310     for ( ;; ) {
 311         ngx_log_debug0(NGX_LOG_DEBUG_EVENT, cycle->log, 0, "worker cycle     ");
 313         ngx_process_events_and_timers(cycle);


 339         if (ngx_reopen) {
 340             ngx_reopen = 0;
 341             ngx_log_error(NGX_LOG_NOTICE, cycle->log, 0, "reopening logs");
 342             ngx_reopen_files(cycle, (ngx_uid_t) -1);
 343         }
 344         if (run_count >= 1) exit(0);
 345         run_count += 1;
 346      }

Next step is to build Nginx, but using the AFL Clang Fast wrapper (afl-clang-fast). This wrapper is a drop-in Clang replacement, which allows AFL to perform instrumentation on the newly compiled Nginx binary. Afl-clang-fast is a true compiler-level instrumentation, instead of the more crude assembly-level rewriting approach taken by afl-gcc and afl-clang. This gives AFL the ability to see when different code paths are executed for each of it's fuzz test cases. Nginx will also be compiled with the "select_module" enabled, which forces the server to work with the select() method to handle connections. This makes the binary easier to profile, as this is a standard Linux syscall.

    cd /opt/fuzz/nginx-1.12.1
    CC=/usr/local/bin/afl-clang-fast ./configure --prefix=/opt/fuzz/nginx --with-select_module
    make && make install

Nginx needs to be configured so that it's friendly to the single-request-then-exit style fuzzing we will perform. Edit the file /opt/fuzz/nginx/conf/nginx.conf and add these lines at the top. This prevents Nginx from forking and running as a service.

    master_process off;
    daemon off;

In the same file, add the red lines into the "events" config block, and edit the "server" block to make Nginx listen on 8080 which allows it run as a non-root user. This also tells Nginx to handle one request at a time, and use the select() syscall we enabled earlier.

    events {
        worker_connections  1024;
        use select;
        multi_accept off;


    server {
        listen       8080;
        server_name  localhost;

The web server is compiled, configured, and nearly ready to fuzz. But there's a limitation in AFL that needs to be worked around. AFL primarily operates on files, and was not designed to fuzz network sockets - which is what we need to talk to Nginx. To get around this, Nginx needs to be able to talk over stdin / stdout so that we can feed in AFL's tests. Preeny is a collection of utilities that takes advantage of LD_Preload hooking to do all kinds of crazy things to other binaries. Specifically there is a utility called "desock" which will channel a socket to the console. This utility will bridge the gap between Nginx and AFL. Compile and load Preeny using these commands.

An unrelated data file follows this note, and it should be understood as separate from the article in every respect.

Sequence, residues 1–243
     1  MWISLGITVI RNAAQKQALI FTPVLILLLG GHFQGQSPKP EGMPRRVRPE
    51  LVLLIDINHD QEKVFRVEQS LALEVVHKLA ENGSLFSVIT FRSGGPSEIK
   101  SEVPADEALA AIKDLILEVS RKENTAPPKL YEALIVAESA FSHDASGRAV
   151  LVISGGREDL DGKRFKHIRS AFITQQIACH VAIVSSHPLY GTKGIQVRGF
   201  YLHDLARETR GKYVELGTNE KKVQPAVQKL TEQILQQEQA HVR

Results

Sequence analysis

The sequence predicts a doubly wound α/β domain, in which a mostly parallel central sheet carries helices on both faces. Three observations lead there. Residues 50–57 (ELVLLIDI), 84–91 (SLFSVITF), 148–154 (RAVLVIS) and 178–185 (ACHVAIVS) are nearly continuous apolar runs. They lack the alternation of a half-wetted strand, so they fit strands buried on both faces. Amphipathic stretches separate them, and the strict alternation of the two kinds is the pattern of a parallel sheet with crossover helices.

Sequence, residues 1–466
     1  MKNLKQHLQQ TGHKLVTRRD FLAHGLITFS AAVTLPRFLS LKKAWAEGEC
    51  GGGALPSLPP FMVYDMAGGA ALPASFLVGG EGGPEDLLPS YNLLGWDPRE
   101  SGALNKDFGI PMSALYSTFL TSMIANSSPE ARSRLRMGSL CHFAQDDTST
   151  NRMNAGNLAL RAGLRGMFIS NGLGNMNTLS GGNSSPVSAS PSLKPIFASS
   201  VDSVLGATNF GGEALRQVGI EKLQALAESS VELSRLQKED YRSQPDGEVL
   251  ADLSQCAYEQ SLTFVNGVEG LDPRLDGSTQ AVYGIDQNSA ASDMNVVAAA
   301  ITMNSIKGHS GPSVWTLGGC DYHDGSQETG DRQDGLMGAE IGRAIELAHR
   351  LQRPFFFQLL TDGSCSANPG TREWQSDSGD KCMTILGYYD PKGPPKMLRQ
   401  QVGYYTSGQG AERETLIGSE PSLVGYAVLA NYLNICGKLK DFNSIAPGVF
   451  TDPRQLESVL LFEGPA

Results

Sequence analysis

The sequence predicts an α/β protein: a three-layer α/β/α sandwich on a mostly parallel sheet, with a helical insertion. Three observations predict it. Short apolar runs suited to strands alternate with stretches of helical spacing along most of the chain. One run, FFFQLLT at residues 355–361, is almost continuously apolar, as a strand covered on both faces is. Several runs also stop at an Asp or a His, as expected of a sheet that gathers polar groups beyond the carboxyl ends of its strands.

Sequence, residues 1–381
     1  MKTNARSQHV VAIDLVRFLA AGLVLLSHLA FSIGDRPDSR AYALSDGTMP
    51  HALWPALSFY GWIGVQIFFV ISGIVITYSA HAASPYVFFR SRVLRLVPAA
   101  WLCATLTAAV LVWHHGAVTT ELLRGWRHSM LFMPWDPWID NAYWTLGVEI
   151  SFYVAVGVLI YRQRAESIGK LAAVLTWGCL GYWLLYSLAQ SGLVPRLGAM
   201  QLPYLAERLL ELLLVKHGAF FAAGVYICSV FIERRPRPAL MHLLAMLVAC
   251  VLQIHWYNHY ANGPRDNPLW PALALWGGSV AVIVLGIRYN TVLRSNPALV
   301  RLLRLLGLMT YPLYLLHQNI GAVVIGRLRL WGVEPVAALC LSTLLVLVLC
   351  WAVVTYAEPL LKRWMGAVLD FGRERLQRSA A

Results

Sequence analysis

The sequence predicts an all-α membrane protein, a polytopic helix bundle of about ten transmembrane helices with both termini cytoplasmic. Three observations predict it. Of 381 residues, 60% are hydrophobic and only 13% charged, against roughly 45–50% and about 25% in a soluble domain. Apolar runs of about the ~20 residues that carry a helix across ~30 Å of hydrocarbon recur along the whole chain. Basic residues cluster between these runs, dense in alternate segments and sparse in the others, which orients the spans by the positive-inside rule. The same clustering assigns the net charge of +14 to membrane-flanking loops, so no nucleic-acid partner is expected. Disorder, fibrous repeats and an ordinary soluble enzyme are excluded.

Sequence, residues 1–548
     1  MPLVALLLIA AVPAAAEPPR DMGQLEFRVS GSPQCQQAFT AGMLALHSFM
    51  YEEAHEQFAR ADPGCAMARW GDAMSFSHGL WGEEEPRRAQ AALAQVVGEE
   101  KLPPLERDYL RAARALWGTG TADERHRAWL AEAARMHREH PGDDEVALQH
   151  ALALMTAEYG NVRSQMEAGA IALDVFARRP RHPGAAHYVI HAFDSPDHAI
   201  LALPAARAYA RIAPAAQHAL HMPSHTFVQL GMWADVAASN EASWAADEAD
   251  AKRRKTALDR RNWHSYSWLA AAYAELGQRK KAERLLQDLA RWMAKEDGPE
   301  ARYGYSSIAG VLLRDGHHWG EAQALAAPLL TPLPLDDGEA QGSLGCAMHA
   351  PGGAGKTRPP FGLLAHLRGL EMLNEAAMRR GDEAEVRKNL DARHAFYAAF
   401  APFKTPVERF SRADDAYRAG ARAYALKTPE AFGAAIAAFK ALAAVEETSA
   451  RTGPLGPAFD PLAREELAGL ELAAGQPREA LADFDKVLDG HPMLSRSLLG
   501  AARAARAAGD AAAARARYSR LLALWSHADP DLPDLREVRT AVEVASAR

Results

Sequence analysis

cd /opt/fuzz/preeny-master/ && make

The compilation will create a directory in the preeny-master/ folder with the architecture of your machine. It will contain a file called which we use to hook Nginx. Let's copy that to our main fuzz directory for ease of access.

    cp /opt/fuzz/preeny-master/x86_64-pc-linux-gnu/ /opt/fuzz/

This hook command will launch the target Nginx server, and we'll use this again.

    LD_PRELOAD=/opt/fuzz/ /opt/fuzz/nginx/sbin/nginx

After running this command, you'll notice that the terminal seems to hang. This is because Nginx is now waiting for input on stdin. Test this by typing in "GET /" to your terminal, to see Nginx's response:

    GET /
    <!DOCTYPE html>

    <title>Welcome to nginx!</title>

The server should close immediately after issuing the response.

Creating and organizing input test cases for AFL is very important to the accuracy and speed of the fuzz job. You want to give AFL good context so that it can learn from those input test cases. Start by creating a single, very simple HTTP test case in the file /opt/fuzz/tests/test1.txt with this HTTP request as its contents. And don't forget to add two new-line characters at the end of this file to terminate the HTTP protocol.

   GET / HTTP/1.1
   Accept: text/html, application/xhtml+xml, */*
   Accept-Language: en-US
   User-Agent: Mozilla/5.0 (Windows NT 10.0; Win64; x64) AppleWebKit/537.36 (KHTML, like Gecko) Chrome/59.0.3071.115 Safari/537.36
   Accept-Encoding: gzip, deflate
   Connection: Keep-Alive
   Cookie: A=asdf1234

Test this by passing it to a new hooked instance of Nginx.

   cd /opt/fuzz/ 
   LD_PRELOAD=./ ./nginx/sbin/nginx < ./tests/test1.txt

Now that we have a command that runs our fully-instrumented Nginx server, let's feed that to AFL.

    LD_PRELOAD=./ afl-fuzz -i tests -o results nginx/sbin/nginx

And now we let AFL find some bugs..

Future Work:
  • Implement AFL persistence mode